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Birth Control Medication

Birth Control Medication

Birth control medications are sold under a variety of brand names and prescribed for three primary purposes: 1.) preventing pregnancy, 2.) managing hormonal imbalances, and 3) reducing the symptoms of gynecological issues like endometriosis, polycystic ovary syndrome, and irregular bleeding.

The most common birth control pill comprises two ingredients, drospirenone and ethinyl estradiol. Drospirenone (progestin) is a synthetic form of the naturally-occurring hormone progesterone. Ethinyl estradiol is a semisynthetic form of estrogen. In combination, these ingredients formulate an effective contraceptive that prevent pregnancy when taken daily.

Severe side effects of birth control medication

When birth control pills are not formulated properly, the imbalance—deficiency or surplus—of hormones in the body can lead to severe side effects, including the following:

  • Blurred vision
  • Vomiting
  • Pain or swelling in legs
  • Headaches that can be severe
  • Mild to significant stomach pain (cramps)
  • Chest pain
  • Increased risk of heart attack, stroke or blood clots
  • Decreased blood sugar
  • Gallbladder issues

Bayer's Deceit Led to One of the Largest Pharma Lawsuit Settlements in History

One of the most infamous birth control medications is ocella, sold under the brand name Yasmin. An essentially similar drug is sold under the brand name Yaz. After FDA approval in 2006, Yaz quickly became the go-to birth control medication in the United States, experiencing sales of $781 million in 2009 alone.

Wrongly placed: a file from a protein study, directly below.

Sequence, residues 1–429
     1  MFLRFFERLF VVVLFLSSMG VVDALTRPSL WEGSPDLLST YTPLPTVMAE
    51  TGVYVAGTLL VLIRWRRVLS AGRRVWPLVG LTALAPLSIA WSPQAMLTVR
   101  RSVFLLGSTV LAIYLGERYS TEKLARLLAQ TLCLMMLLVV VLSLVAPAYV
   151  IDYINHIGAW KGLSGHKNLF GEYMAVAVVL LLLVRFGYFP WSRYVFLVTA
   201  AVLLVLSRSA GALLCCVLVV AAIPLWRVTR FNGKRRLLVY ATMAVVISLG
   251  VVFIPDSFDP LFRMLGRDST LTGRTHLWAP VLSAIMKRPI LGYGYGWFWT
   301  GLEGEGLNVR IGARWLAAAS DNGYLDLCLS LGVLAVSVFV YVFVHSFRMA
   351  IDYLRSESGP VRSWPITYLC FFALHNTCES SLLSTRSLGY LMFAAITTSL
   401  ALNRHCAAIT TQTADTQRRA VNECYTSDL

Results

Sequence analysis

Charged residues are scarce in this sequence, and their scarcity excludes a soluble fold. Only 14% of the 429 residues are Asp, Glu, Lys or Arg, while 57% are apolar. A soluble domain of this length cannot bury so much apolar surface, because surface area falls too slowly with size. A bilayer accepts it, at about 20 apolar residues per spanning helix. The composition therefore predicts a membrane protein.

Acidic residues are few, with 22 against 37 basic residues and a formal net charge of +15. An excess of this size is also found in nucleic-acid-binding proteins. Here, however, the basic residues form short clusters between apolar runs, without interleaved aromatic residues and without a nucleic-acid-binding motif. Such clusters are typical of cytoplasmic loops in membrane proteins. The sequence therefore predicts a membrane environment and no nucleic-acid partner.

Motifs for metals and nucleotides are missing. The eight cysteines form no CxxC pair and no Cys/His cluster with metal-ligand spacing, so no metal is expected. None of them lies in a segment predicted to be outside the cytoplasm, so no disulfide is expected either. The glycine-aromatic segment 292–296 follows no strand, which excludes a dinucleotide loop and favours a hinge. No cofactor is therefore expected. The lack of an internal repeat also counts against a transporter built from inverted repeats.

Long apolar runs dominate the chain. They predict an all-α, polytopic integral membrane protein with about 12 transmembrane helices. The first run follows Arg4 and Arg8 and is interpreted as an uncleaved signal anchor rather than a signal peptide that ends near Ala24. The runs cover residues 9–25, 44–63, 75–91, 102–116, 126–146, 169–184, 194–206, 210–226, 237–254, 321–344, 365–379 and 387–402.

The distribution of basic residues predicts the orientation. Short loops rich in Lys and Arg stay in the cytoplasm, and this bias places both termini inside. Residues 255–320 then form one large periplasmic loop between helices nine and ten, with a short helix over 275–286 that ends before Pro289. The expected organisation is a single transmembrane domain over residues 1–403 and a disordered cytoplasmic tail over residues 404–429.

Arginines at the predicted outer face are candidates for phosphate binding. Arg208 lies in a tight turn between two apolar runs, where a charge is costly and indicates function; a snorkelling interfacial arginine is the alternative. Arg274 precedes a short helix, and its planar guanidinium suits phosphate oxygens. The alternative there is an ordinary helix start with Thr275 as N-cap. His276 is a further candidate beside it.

In 2009, the FDA found evidence that some batches of Yaz contained an unsafe level of drospirenone, an ingredient linked to an increased risk of blood clots. As a result, the FDA recalled 32,856 boxes of Yaz and 122,208 boxes of ocella. This led to historic lawsuit settlements for Yaz, Yasmin, and ocella patients.

  • 2013 - $21.5 million settlement was achieved for Yaz and Yasmin patients who experienced serious gallbladder injuries.
  • 2015 - A payout of $2.04 billion was awarded to plaintiffs who experienced blood clots after taking Yaz or Yasmin.
  • 2015 - $56.9 million settlement was reached due to the unknown risk of heart attack and stroke for patients who took Yaz, Yasmin, or ocella.

Many formulations of birth control rely on the same underlying ingredients as Yaz, drospirenone and ethinyl estradiol. Before taking birth control medication, be sure to have a lengthy conversation with your doctor about the risks and side effects.

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